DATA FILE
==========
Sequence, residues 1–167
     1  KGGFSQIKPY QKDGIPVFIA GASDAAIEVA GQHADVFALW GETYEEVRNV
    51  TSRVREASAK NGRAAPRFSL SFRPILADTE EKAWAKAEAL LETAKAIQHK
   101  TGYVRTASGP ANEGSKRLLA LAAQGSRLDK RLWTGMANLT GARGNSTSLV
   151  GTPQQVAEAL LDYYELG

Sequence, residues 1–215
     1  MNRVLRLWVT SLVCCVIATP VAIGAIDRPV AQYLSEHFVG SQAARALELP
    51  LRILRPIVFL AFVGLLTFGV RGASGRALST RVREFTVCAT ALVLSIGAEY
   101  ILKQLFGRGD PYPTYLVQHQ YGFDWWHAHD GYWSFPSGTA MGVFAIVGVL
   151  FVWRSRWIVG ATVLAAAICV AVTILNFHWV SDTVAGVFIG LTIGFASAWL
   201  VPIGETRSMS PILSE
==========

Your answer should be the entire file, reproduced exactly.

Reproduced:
Sequence, residues 1–167
     1  KGGFSQIKPY QKDGIPVFIA GASDAAIEVA GQHADVFALW GETYEEVRNV
    51  TSRVREASAK NGRAAPRFSL SFRPILADTE EKAWAKAEAL LETAKAIQHK
   101  TGYVRTASGP ANEGSKRLLA LAAQGSRLDK RLWTGMANLT GARGNSTSLV
   151  GTPQQVAEAL LDYYELG

Sequence, residues 1–215
     1  MNRVLRLWVT SLVCCVIATP VAIGAIDRPV AQYLSEHFVG SQAARALELP
    51  LRILRPIVFL AFVGLLTFGV RGASGRALST RVREFTVCAT ALVLSIGAEY
   101  ILKQLFGRGD PYPTYLVQHQ YGFDWWHAHD GYWSFPSGTA MGVFAIVGVL
   151  FVWRSRWIVG ATVLAAAICV AVTILNFHWV SDTVAGVFIG LTIGFASAWL
   201  VPIGETRSMS PILSE